I-93 expansion wins state wetlands permit
A federal judge gave state highway designers some good news last week in a lawsuit by the Conservation Law Foundation over the proposed widening of Interstate 93 between Salem and Manchester.
U.S. District Court Judge Paul Barbadoro ruled the three pieces of the $480 million project scheduled for 2006 could go forward. He set the trial for Oct. 6 and hoped to issue a final order in February 2007.
The project also won its long-awaited state wetlands and water quality permits May 2, which ratify a 1,031-acre habitat protection plan to make up for harming 76 acres of wetlands in the corridor. The mitigation package also includes $3 million to protect the Massabesic Lake watershed and $3.5 million to help communities plan for induced population growth.
State Sen. Bob Letourneau, R-Derry, chair of the Senate Transportation Committee, said the judge’s schedule “means we’re not going to have a two-year delay. Our summer I-93 projects are back on track.”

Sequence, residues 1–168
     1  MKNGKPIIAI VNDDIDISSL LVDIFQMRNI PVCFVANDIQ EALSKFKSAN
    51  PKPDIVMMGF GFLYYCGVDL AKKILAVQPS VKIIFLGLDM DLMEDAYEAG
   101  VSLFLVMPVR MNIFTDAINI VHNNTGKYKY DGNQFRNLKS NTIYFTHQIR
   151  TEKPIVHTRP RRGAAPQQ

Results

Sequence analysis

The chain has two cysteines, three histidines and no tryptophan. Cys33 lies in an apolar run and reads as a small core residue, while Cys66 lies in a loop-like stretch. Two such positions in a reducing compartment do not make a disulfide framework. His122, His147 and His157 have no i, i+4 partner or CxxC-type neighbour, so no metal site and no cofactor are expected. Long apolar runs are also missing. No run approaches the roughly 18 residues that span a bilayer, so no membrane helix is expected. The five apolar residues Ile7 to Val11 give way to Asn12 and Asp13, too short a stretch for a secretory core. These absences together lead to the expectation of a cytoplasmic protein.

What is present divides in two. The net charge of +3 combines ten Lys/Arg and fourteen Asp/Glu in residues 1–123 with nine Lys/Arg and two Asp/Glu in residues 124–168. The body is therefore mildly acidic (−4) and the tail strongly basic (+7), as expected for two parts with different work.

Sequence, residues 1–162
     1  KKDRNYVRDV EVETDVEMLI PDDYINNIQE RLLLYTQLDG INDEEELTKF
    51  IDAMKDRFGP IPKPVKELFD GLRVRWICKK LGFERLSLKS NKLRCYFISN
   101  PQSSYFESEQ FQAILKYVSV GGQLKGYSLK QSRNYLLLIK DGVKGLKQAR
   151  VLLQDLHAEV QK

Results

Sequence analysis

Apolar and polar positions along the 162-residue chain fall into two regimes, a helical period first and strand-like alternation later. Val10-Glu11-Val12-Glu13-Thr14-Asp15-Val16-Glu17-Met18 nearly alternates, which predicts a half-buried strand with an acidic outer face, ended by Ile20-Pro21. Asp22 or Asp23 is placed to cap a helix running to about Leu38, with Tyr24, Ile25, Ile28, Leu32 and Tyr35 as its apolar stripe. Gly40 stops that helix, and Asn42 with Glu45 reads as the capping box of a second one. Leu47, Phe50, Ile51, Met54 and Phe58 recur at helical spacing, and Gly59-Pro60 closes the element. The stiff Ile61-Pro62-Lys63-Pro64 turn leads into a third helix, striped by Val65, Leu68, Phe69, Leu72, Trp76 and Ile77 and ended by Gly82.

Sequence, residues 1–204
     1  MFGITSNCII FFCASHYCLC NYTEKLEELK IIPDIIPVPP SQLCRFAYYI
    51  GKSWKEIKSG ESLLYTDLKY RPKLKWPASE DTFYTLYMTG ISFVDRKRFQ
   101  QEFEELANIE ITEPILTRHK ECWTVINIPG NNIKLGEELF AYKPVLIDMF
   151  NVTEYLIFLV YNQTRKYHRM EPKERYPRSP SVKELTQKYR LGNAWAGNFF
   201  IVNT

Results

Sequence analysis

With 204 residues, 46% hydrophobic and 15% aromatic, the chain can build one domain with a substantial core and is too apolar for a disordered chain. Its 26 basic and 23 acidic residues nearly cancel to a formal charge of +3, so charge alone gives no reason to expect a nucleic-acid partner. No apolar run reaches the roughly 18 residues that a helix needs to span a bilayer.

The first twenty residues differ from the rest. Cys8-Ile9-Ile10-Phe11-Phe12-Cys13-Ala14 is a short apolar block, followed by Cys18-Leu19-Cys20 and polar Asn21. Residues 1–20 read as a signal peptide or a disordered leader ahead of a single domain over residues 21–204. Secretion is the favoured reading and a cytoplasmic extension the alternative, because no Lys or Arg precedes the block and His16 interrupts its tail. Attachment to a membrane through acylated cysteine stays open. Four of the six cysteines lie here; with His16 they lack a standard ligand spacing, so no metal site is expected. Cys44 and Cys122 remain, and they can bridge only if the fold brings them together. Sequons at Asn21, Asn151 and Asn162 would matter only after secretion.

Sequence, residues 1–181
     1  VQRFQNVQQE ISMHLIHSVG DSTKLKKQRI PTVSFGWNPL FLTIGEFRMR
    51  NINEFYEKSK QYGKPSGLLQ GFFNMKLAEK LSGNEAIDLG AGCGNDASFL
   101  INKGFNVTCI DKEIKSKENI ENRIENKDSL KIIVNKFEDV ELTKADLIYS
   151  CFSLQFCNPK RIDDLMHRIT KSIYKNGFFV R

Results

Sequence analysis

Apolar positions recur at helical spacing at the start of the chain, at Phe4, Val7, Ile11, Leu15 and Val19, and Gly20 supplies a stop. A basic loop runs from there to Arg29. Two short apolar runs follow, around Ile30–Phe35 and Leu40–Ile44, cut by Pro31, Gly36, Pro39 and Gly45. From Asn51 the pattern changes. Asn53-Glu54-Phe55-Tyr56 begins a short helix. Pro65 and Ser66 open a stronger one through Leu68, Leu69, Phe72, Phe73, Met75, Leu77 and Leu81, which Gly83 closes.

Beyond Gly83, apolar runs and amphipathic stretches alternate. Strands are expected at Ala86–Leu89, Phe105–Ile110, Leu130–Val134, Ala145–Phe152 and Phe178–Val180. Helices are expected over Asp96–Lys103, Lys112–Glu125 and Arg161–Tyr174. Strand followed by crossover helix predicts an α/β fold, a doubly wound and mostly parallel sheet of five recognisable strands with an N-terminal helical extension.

Summer work includes a new park and ride lot at Exit 5, next to the Waste Management transfer station on Route 28, another at Exit 2 in Salem, and reconstruction of the Cross Street Bridge in Salem.
Rep. Mike Whaley, R-Alton, said the state absolutely must expand the highway, just to catch up with past population growth.
“Slowing that project would hold up road needs in the Lakes Region,” he said. “That’s why we approved bonding for I-93 last year.”
Gary Abbott of the Associated General Contractors of New Hampshire watched the court deliberations and called the outcome great news for firms that need a safe highway. His members hope to win some of the I-93 contracts.
“The judge wants to rule in the case well before he has to make a decision on the first injunction requested, in 2007,” Abbott said. “He didn’t want the court system to be responsible for delaying an important project.”
Plans call for adding two lanes in each direction for 19.3 miles between the Massachusetts border and Manchester. – CHRIS DORNIN/GOLDEN DOME NEWS